Who knew that Thank You Notes could make such great windshield wipers?

Poem of the Week

Sydney, Australia

 

Recounting past lovers of ancient days
Whose remnant love left me in a rushed dark haze
Some of these memories,
Are hard to digest
Especially when one
seems just like the rest.
My heart shrinks, my arteries burst
My body feels drained
My heart overwhelmed
It seems that nothing will change
I feel alone in my sorrow
The only one in my boat
My soul feels lost in space
& my body afloat.
But I realize it’s not darkness around me
It’s the hand of my maker
A voice says aloud,
“This is my child, let me shape her”
As my body drifts in currents of stars
His hands work as he whispers
This is what you are” A beautiful gift, a warm light,
Nothing will shake her
A woman of force, a bright soul,
a power of nature
A gentle smile with big dreams
She is a human worth
much more than she seems.

Here is the breakdown of this poem & what it means:
The beginning part sets the stage. The poem came to me after talking & laughing with a friend as I shared funny ex boyfriend & dating stories. Like how every single one of my college boyfriends ended up dropping out or in the hospital for some kind of mental illness.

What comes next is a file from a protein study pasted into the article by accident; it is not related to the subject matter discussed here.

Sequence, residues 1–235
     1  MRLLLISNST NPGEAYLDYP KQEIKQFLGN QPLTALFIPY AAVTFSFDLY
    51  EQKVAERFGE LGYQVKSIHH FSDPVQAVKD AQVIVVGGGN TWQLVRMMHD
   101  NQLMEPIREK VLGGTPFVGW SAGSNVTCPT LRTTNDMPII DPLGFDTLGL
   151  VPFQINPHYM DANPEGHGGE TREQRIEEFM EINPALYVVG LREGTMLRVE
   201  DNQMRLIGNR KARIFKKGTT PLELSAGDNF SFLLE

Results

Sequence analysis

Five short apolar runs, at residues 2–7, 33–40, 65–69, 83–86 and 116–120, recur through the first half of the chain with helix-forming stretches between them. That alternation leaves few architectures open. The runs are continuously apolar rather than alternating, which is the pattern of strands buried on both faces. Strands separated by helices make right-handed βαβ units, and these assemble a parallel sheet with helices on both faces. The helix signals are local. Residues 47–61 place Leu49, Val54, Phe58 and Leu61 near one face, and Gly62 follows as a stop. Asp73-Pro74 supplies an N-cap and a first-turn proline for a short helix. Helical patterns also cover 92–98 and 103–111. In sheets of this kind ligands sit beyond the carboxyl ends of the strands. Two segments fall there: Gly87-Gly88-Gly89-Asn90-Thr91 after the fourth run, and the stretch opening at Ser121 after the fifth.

The stanza
“Especially when one
seems just like the rest.”
Points to a recent dating situation I had that showed me a new pattern that I have developed recently in my love life that is equally embarrassing & painful.
I continues to talk about this feeling in the next few stanza’s but then at stanza 8 something shifts & God comes into the pictures.
His hands shaping me is really how my faith has already redefine my identity. That my relationships don’t need to be rooted in brokenness anymore.
The rest of the poem I wrote to remind myself of the truths that I’ve forgotten after the lies that brokenness has led me to believe.
That I am loved & I am worth it.
It’s to remind me that even though a boy chose to disregard my humanity, it doesn’t strip me of my right to deserve it.